How Could Foreign Direct Investment Obtain A Legal Protection in Saudi Arabia - Dissertation Example

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This research study examines the current investment climate in Saudi Arabia and determines the extent to which Saudi Arabia can appeal to and sustain FDI inflows. Specifically, this research study examines FDI trends in Saudi Arabia and the legal environment supportive of FDIs…
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How Could Foreign Direct Investment Obtain A Legal Protection in Saudi Arabia
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Download file to see previous pages i Arabia 51 3.1 Introduction 51 3.2 FDI Dispute Resolution 52 3.2 The Arbitrability of FDI Related Disputes in Saudi Arabia 53 3.3 Arbitration Law in Saudi Arabia 55 3.4 Conclusion 58 Chapter Four 59 Findings/Conclusion and Recommendations 59 4.1 Findings/Conclusion 59 4.2 Recommendations 62 Bibliography 64 Chapter One/History and Background of the Study I.I. Introduction According to a Gulf Cooperation Council (GCC) report, Saudi Arabia continues to lead all GCC states in FDI inflows.2 GCC FDI inflows dropped by 15 % in 2008 as a result of the recent global financial crisis although FDI declines for GCC states were not as steep as other developing economies.3 Therefore trends prior to the global financial crisis of 2008-2009 are more instructive as it reflects a more reliable understanding of independent variables and thus are not impacted by the global financial crisis that impacts all other economies. A report by the United Nations’ organization, the Economic and Social Commission for Western Asia (ESCWA) in 2008 is therefore more instructive. According to ESCWA FDI inflows in ESCWA states began an “upward trend” in 2002 with total inflows reaching a “new record of US$55.6 billion in 2006 an increase over US$10.8 billion three years earlier in 2003.4 The major FDI recipients among ESCWA states are Egypt, Saudi Arabia and the United Arab Emirates (UAE). Each of these countries made a variety of reforms and made significant investments in infrastructure and by 2006 they attracted 74 percent of all FDI inflows among ESCWA states.5 According to the United Nations Conference on Trade and Development (UNCTAD) Saudi Arabia is the world’s tenth largest recipient of FDI inflows attracting US$48 billion dollars in FDI inflows in 2008 and US$36 billion in 2009.6...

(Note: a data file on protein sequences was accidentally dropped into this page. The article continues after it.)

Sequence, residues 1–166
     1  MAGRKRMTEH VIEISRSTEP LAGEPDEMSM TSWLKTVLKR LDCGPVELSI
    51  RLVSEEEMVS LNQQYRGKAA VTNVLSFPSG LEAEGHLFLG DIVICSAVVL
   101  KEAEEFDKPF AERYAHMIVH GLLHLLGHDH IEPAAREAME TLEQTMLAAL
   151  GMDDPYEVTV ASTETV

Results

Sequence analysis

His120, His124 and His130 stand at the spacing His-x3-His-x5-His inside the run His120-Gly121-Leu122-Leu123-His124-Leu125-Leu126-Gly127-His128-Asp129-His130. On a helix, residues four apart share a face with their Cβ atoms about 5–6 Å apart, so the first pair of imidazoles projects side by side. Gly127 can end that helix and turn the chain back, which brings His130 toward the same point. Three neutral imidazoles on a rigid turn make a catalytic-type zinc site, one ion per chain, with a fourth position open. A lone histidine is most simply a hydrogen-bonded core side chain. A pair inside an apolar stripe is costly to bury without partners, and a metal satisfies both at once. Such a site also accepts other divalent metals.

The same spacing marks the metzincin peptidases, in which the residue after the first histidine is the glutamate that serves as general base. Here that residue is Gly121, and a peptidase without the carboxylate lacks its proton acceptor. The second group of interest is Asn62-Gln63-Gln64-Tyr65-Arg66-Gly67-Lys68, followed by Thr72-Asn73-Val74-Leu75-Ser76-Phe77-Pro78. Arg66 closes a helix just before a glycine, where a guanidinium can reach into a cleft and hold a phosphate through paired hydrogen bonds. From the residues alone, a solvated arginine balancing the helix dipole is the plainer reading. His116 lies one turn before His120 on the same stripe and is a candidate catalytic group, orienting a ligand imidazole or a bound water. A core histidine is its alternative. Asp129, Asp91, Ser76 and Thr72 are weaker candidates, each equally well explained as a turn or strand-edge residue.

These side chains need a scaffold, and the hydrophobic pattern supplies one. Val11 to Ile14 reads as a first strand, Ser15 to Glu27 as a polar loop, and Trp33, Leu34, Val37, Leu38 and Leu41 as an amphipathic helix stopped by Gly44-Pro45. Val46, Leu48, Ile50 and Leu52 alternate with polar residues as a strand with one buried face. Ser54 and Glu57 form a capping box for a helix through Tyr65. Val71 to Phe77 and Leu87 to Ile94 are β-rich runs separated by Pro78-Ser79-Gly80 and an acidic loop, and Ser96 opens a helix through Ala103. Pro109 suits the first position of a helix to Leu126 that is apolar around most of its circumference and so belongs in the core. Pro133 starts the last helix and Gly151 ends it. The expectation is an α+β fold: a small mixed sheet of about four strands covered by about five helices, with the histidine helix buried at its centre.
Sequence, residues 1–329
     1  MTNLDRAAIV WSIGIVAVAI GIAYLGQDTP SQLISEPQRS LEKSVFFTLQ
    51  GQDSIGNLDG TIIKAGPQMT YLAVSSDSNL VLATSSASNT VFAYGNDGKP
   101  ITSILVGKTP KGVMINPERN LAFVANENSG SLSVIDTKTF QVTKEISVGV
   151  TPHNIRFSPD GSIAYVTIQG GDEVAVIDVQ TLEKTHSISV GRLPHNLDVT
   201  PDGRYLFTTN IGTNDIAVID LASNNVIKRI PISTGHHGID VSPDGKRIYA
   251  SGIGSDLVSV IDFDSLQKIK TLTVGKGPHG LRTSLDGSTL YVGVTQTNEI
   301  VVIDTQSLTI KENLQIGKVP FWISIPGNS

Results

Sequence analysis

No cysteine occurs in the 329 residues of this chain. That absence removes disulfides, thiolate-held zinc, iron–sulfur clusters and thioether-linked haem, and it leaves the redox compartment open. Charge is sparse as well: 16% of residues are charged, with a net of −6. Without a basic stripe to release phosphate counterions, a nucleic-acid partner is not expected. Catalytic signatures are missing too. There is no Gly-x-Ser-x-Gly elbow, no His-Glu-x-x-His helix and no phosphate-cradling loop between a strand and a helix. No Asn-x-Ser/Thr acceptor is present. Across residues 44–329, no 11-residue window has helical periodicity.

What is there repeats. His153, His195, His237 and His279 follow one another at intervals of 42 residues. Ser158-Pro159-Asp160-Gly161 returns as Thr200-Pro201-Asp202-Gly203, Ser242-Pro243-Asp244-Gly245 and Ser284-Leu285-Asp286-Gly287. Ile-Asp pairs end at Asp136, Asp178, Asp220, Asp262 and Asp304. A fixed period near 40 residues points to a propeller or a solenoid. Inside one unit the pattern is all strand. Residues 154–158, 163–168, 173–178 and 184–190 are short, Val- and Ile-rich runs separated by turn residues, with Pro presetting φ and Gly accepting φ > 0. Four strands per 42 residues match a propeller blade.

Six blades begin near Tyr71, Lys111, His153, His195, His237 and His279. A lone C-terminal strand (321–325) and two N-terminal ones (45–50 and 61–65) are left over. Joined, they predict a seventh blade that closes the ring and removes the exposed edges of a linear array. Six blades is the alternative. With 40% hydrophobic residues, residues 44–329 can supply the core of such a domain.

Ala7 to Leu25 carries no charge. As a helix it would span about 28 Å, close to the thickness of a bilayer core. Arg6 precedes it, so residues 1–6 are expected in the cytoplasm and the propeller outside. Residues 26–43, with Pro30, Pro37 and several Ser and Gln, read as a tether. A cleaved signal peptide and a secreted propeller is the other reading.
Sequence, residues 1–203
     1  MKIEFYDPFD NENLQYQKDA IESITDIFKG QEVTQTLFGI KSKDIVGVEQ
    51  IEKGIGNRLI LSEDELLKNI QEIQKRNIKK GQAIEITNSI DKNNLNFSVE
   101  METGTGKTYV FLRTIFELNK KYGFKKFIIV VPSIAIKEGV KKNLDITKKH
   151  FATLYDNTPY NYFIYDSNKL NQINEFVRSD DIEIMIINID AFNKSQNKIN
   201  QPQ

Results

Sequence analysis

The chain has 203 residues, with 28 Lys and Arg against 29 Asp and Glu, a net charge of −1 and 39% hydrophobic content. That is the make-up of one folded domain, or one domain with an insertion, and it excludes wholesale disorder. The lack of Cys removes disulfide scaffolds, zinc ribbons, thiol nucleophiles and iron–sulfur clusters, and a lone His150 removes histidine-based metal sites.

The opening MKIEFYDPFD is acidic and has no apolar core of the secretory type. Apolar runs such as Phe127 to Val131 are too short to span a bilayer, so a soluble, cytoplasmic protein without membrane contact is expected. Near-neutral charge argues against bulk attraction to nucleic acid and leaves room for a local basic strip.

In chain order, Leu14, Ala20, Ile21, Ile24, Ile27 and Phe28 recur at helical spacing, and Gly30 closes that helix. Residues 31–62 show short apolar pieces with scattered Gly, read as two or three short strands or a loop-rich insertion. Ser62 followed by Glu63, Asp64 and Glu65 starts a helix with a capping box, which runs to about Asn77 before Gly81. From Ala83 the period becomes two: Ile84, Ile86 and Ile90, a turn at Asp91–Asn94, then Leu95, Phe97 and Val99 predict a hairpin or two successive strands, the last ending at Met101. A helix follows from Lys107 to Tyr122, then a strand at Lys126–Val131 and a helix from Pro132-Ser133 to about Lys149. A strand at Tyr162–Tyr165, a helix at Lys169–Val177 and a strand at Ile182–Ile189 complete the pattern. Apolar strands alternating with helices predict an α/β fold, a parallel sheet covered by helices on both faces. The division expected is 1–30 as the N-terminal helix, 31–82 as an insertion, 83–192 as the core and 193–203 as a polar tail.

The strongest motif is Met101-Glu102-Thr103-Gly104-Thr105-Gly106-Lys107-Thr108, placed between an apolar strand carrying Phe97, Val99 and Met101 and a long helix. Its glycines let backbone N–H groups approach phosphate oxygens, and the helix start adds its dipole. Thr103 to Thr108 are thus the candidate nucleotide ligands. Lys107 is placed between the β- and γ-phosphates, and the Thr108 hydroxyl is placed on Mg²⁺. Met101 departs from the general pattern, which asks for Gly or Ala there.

According to a Gulf Cooperation Council (GCC) report, Saudi Arabia continues to lead all GCC states in FDI inflows. GCC FDI inflows dropped by 15 % in 2008 as a result of the recent global financial crisis although FDI declines for GCC states were not as steep as other developing economies. Therefore trends prior to the global financial crisis of 2008-2009 are more instructive as it reflects a more reliable understanding of independent variables and thus are not impacted by the global financial crisis that impacts all other economies.
A report by the United Nations’ organization, the Economic and Social Commission for Western Asia (ESCWA) in 2008 is therefore more instructive. According to ESCWA FDI inflows in ESCWA states began an “upward trend” in 2002 with total inflows reaching a “new record of US$55.6 billion in 2006 an increase over US$10.8 billion three years earlier in 2003. The major FDI recipients among ESCWA states are Egypt, Saudi Arabia and the United Arab Emirates (UAE). Each of these countries made a variety of reforms and made significant investments in infrastructure and by 2006 they attracted 74 percent of all FDI inflows among ESCWA states.
According to the United Nations Conference on Trade and Development (UNCTAD) Saudi Arabia is the world’s tenth largest recipient of FDI inflows attracting US$48 billion dollars in FDI inflows in 2008 and US$36 billion in 2009. Since the middle of the 1980s a number of countries in the Middle East and North Africa have made a number of reforms aimed at “improving the fundamental determinants of return on investments”. ...Download file to see next pagesRead More
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